Species group: Garter and Ribbon Snakes
Other common names: Redstripe Ribbon Snake; Red-striped Ribbon Snake
Scientific name: Thamnophis proximus rubrilineatus
The Red Stripe Ribbon Snake is a subspecies of garter snake found in the southern United States. It is semi-aquatic, spending most of its time on the edge of permanent bodies of water: Swamps, ponds, lakes, or slow moving streams. Their primary diet is amphibians, such as the northern cricket frog, (Acris crepitans), but they will also consume lizards, and small rodents. They get their common name from the distinctive red stripe down the center of their back. They are fast moving, and excellent swimmers.
Appearance / health:
The Redstripe Ribbon Snake averages around two to three feet in length. It has a distinctive red stripe down the center of the back. There is a pale lateral stripe on each side on the body running along scale rows 3 and 4 above the belly.
Like other ribbon snakes, Red-striped Ribbon Snakes eat fish, frogs, earthworms and salamanders.
beautiful snake, beautiful red stripe, advanced hobbyists, beautiful creature, naturalistic terrariums
West Texas, snake swimming, semi aquatic snake
A Colorful, Active Fish-Eater
This beautiful creature exhibits characteristics of North America’s watersnakes and garter snakes, to which it is related. It is just as interesting, active as the garters, less irascible than the watersnakes, but a bit more delicate than either. However, the red-striped ribbon snake is a good choice for keepers with a bit of related experience under their belts, and for advanced hobbyists as well. Unfortunately, most in the trade are wild-caught, but this will hopefully change as more people discover these attractive live-bearers.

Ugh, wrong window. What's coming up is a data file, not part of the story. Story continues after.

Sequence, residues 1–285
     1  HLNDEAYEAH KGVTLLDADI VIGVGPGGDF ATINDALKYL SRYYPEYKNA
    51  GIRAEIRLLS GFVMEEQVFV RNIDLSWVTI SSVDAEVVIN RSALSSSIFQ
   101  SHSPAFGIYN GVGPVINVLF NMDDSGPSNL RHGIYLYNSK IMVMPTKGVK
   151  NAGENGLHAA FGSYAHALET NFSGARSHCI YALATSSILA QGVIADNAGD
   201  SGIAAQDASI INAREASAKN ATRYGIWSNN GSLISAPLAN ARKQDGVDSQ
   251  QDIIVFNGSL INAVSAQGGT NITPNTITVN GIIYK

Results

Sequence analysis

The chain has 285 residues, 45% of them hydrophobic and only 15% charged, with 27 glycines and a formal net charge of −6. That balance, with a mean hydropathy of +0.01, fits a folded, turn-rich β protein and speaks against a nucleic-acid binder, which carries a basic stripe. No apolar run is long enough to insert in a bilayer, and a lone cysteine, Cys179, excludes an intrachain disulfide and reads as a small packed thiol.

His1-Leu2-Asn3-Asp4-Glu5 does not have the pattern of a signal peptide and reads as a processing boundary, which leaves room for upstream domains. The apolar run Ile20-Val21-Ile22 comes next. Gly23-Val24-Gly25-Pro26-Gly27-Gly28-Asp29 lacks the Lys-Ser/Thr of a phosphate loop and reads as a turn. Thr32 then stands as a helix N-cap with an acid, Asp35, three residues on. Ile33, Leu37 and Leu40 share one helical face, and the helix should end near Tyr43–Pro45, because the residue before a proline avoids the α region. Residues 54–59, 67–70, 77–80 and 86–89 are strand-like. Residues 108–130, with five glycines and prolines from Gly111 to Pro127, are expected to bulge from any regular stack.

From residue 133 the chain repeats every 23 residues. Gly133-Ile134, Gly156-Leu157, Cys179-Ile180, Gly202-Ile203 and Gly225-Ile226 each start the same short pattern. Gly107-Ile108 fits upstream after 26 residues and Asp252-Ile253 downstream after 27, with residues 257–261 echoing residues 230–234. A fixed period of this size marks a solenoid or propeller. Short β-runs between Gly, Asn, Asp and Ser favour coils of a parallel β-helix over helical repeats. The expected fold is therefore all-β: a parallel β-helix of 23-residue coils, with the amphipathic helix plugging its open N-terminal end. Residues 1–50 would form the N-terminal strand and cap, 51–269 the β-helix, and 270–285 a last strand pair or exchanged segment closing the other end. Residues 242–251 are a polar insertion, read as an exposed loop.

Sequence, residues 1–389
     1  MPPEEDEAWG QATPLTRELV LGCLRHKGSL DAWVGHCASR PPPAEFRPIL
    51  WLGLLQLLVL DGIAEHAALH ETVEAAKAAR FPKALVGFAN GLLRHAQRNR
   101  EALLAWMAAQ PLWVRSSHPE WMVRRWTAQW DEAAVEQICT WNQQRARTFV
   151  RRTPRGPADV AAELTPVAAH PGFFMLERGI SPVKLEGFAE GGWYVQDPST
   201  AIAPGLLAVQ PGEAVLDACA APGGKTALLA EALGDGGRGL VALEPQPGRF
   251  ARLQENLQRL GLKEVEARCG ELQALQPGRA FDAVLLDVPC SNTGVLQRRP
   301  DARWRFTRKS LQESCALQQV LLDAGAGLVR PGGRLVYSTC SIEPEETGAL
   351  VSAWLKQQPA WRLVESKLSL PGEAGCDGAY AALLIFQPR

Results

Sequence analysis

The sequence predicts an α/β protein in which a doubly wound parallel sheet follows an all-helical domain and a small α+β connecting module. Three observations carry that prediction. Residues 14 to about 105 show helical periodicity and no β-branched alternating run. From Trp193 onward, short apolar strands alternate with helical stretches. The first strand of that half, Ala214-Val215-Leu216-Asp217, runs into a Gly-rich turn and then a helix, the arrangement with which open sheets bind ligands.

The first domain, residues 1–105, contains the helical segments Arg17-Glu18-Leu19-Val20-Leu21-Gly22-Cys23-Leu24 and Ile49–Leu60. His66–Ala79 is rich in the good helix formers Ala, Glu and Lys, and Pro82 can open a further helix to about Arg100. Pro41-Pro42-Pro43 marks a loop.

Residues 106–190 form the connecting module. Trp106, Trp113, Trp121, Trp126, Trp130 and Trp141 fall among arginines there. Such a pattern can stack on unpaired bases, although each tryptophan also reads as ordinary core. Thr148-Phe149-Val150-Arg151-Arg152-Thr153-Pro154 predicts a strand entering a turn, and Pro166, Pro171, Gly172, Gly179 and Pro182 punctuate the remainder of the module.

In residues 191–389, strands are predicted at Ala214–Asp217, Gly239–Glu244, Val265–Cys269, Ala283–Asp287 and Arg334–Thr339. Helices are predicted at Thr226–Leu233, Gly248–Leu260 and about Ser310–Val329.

Ribbon snakes are, like most garters and watersnakes, best observed rather than handled. Despite their small size, they are quite active and show themselves to best advantage in large, naturalistic terrariums with a water area large enough for soaking. My experiences indicate that low levels of UVB may be beneficial. They do fine at temperatures of 74-78, with a basking site of 82-84 F. Many folks have reared them successfully on goldfish or shiners alone, but I prefer to earthworms and tropical and native fish to the diet. Areas of moist sphagnum moss and dry retreats should be available to your ribbon snakes..
From findiviglio Jan 14 2016 5:05PM